1. Install ADB on your operating system. You can acquire an ADB executable separately, even though it is part of the Android SDK.
2. Connect your Android smartphone now.
3. On your Android smartphone, enable USB debugging.
4. Open a command prompt (Windows) or a terminal (Linux/mac) on your computer. (On Windows, press Windows + r > type “cmd” (without quotes) > press enter; on Mac, launch Terminal from Spotlight.)
5. Navigate to the directory containing the ADB executable. On Windows, Shift+Right Click the directory where the ADB executable was downloaded and select “Open Console” (or something similar) | On Linux / Mac, Right Click the directory and select “Open Terminal Here” (or simply CD into the directory).
6. Type ADB devices in your cmd/terminal to ensure your device is correctly connected.
7. Type ADB logcat to see the magnificent and magical logcat aka stacktrace if your device is properly chosen.
- In Android Studio, how can I fix “Android studio logcat nothing to show”?
A. If nothing appears in the logcat for Android Studio, it might be due to a small Logger Buffer Size or a problem with Android Studio itself. Check that you are running the most recent and updated version of Android Studio to resolve this issue. Try again after rebooting your Android smartphone. If the problem persists, try the suggested remedies.
The libusb backend is used by Android Debug Bridge (ADB).
1. Enable “Use libusb backend” in Android Studio > Preferences > Debugger > Android Debug Bridge (ADB).
2. Invalidate cache and restart Android Studio.
Increasing the size of logger buffers
1. Go to Settings –> Developer Options –> look for Logger buffer Sizes (set it to 1M or larger size) on your Android device, and your android studio IDE will display data in Logcat.
How do I record Android logs?
A. Issues such as strange issues in the Android Logs displaying an error, debug messages, and other bugs are not uncommon. When an app is designed, produced, or updated, it may have problems that must be resolved as soon as they are discovered.
Here are the procedures for creating a logcat file to attach to a bug report:
For a computer machine
1. You must have ADB installed on your device; if you do not, you must do so before proceeding.
2. Open Command Prompt (Windows) or Terminal (Linux/macOS) in your operating system.
3. Connect your device to the internet using a wire or WiFi.
4. Run the command ADB logcat -d > logcat.txt. The log will be saved as logcat.txt.
5. Logcat can also be used to inspect or save the radio buffer. Type ADB logcat -db radio > radio.txt to store it to radio.txt if needed or asked.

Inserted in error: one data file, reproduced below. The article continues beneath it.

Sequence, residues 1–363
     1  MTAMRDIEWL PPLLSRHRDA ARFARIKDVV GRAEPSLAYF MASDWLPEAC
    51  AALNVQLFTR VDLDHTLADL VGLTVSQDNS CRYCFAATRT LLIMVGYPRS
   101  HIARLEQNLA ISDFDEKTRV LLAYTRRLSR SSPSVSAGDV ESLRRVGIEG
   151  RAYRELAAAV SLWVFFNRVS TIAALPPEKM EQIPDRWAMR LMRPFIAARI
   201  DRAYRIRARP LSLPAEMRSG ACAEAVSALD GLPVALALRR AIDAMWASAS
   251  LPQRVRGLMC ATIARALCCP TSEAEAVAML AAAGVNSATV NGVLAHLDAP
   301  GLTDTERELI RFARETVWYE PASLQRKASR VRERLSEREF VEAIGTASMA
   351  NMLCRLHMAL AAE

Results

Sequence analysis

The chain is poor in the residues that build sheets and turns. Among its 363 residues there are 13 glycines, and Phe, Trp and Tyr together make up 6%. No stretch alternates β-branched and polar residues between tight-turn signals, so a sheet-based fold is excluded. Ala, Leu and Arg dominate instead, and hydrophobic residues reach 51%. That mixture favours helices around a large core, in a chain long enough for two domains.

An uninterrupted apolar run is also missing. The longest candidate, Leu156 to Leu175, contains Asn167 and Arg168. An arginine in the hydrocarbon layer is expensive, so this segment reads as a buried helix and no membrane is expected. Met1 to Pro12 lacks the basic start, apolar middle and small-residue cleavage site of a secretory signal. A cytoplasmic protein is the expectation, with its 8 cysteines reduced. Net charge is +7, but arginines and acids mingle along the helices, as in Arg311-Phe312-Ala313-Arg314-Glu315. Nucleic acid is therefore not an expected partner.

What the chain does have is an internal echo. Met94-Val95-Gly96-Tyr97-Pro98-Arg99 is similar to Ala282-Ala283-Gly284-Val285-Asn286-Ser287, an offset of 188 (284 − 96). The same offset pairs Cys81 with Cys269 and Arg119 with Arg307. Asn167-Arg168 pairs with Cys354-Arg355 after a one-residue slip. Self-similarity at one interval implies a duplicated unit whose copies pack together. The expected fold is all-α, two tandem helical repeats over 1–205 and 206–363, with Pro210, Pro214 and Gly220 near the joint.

On your mobile device:
This technique requires that your device be rooted, and it is only supported up to LineageOS 16.0; those using 17.1 or higher must use the PC approach.
1. Launch the Terminal application (you can enable the built-in terminal app in Developer options).
2. Type su and confirm root access; you might need to enable root access for applications under Developer settings.
Type logcat -d -f /sdcard/logcat.txt on the command prompt. The log will be saved to /sdcard/logcat.txt.
3. Logcat can also be used to see or save the radio buffer. Type logcat -db radio -f /sdcard/radio.txt to store it to /sdcard/radio.txt if needed or asked.
- How do I record Android crash logs?
A. Capturing crashlogs or issues from an Android device in order to debug and resolve faults is simple.
To collect logs on Android, follow the instructions below.
1. Use a USB cord to connect your Android device to your PC that has ADB installed.
2. Open CLI (Terminal on a Mac) (Windows: Start –> Run –> CMD).
3. Use a USB cord to connect your Android device to your PC that has ADB installed.
4. Open CLI (Terminal on a Mac) (Windows: Start –> Run –> CMD).
5. Open the terminal and navigate to the Android SDK directory (for example, C:\Program Files\Android\android-sdk\platform-tools).
6. Enter the command ADB logcat.
7. Look for the logs you wish to make, inspect, and correct.
8. Run ADB logcat >/$*some-folder*/android-debug.log to store the output to a file.
Is deleting log files from my Android smartphone safe?
A. A log’s full growth capacity is reached after which the older logs are clipped to prevent the log from growing any further.
And, on some Android devices, the logs are simply preserved in memory, while others are saved to disc. You can delete or erase the logs, but a fresh log message will appear shortly after you run the operation.
- What is the best way to read Android logs on a Samsung device?
A. The secret code *#9900# makes getting the Android logs on a Samsung smartphone easier and faster. Follow the instructions below to go to the Android logs on a Samsung handset.
1. On your device, open the Phone app and input *#9900#.
2. Change the Debug Level and Silent Log choices based on how many detailed logs you want (by default, Debug Level is Disabled/LOW and Silent Log is Off).
3. Select Run dumpstate/logcat/modem log from the drop-down menu.
4. Select “Copy to SD Card” (include CP Ramdump). It’s crucial since collected logs are kept by default in the /data/log directory, which has root rights and can’t be accessed without root capabilities.
5. Your logs will be saved on your DEVICE STORAGE in the /log directory, where you may retrieve them at any time.